“And they’re going to have to reconcile what they will do with the future about Al Qaeda.”

World

Russia will formally annex Ukraine regions Friday

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Russia will formally annex four more areas of Ukraine on Friday, after self-styled referendums in those regions yielded overwhelming support for the move.

The Russian-backed officials who organized the votes said that nearly all of those who cast ballots supported the annexation. The referendums were held in Luhansk and Donetsk in the east, and in Zaporizhzhia and Kherson in the south.

Russian President Vladimir Putin is expected to make a major speech at the Kremlin following the signing ceremony. Ukraine and the West have condemned the referendums as a sham, but Russia has long claimed that the people of those regions want to be part of the Russian Federation.

The annexations are likely to further escalate the tensions between Russia and the West, which have been at loggerheads over Ukraine since Russia’s annexation of Crimea in 2014. Friday’s move is sure to be met with condemnation from the international community.

Russia has long claimed that the people of those regions want to be part of the Russian Federation. The annexations are likely to further escalate the tensions between Russia and the West, which have been at loggerheads over Ukraine since Russia’s annexation of Crimea in 2014. Friday’s move is sure to be met with condemnation from the international community.

 

“These are the guys?” Putin’s Dad’s army – READ HERE

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World

Chinese leader Xi Jinping makes his return to the public eye

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Chinese leader Xi Jinping has made his public appearance since returning to China

The President recently left his country for the first time since the start of the pandemic.

He quashed rumours of a coup, which sent shockwaves through social media ahead of an important Communist Party meeting.

On Tuesday, he visited an exhibition showing of China’s achievements during his time in power.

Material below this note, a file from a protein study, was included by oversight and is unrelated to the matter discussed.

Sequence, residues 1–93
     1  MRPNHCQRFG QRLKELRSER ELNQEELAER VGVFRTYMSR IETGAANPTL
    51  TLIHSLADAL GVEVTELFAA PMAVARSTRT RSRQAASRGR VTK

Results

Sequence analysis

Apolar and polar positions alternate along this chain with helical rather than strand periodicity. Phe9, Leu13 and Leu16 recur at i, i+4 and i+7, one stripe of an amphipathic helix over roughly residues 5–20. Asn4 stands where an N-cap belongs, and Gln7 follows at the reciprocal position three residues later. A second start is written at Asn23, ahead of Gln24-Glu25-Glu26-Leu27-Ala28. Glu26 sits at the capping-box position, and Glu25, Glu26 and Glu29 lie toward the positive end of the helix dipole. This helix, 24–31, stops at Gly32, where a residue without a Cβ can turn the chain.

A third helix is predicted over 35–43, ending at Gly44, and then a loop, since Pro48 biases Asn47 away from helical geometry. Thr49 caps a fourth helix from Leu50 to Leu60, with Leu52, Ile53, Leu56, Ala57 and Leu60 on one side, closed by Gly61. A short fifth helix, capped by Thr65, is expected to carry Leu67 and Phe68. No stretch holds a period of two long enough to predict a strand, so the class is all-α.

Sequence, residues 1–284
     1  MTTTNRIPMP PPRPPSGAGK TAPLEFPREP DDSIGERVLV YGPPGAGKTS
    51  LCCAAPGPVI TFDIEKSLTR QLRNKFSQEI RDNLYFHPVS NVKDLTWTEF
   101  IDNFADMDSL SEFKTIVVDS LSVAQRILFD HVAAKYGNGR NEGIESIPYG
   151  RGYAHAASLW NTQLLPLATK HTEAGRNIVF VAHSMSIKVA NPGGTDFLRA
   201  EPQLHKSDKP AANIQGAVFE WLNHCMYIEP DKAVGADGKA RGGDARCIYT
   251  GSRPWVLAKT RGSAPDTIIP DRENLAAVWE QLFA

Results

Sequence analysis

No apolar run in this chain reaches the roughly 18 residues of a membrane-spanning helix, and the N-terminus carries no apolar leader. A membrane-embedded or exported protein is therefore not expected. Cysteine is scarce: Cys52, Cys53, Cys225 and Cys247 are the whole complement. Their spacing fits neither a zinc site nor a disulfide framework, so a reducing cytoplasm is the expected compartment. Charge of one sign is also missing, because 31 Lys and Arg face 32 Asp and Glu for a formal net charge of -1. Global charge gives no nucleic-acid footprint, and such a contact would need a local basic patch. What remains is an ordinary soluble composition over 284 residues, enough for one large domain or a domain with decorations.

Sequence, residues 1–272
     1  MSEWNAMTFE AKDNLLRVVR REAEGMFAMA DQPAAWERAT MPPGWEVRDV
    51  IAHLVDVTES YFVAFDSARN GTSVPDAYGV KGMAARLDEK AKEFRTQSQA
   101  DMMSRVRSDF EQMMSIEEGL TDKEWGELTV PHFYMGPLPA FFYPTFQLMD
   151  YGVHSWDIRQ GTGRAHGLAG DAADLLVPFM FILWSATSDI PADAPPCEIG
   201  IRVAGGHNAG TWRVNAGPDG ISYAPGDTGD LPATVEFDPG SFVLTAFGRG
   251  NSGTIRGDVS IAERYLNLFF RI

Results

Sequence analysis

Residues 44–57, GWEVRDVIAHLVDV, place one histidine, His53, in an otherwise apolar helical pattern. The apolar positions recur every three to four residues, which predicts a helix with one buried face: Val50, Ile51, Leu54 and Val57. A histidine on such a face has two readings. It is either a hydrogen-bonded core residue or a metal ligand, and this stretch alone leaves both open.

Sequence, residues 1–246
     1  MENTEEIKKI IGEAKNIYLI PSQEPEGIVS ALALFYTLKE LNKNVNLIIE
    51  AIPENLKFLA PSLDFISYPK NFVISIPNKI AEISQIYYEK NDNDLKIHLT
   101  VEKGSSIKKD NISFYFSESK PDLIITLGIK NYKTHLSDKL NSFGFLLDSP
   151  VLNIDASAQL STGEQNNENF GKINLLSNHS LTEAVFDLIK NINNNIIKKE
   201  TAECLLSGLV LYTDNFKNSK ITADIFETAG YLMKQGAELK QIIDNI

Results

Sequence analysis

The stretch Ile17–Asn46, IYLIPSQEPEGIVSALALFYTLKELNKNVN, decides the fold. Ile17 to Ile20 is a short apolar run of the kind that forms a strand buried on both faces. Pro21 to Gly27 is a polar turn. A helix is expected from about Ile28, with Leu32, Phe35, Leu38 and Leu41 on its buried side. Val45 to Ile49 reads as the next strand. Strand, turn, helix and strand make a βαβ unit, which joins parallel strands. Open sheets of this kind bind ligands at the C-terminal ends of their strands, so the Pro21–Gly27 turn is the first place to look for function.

Of course, this comes as tensions continue to simmer in the Taiwan Straits.

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Ticker Views

IRAN PROTESTS | Are countries using religion as an excuse to violate basic human rights?

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Iran protests are engulfing the country as thousands take to the streets in a revolution against oppression

IRAN PROTESTS – The story of Iran is one of a country that has been through a lot in recent history.

An uprising of both men and women has engulfed Iran, following the death of Mahsa Amini. Women are cutting their hair and burning their hijabs, demanding some form of change to the strict rules that impact their ultimate freedom.

From the Iranian Revolution in 1979 to the Iran-Iraq war in the 1980s, the nation’s residents have witnessed their fair share of turmoil.

Many insist that religion, like Islam, is being used as a reason to violate basic human rights in Iran.

“It’s a totalitarian regime… Islam is being used to deny freedom of speech, freedom of education, freedom of movement.”

Mariam Memarsadeghi
Cyrus Forum and Senior Fellow at Macdonald-Laurier Institute

There is a feeling of discontent among the Iranian people. The economy is struggling, and many young Iranians feel they have no future.

They are fed up with the corruption of the government and the lack of opportunity.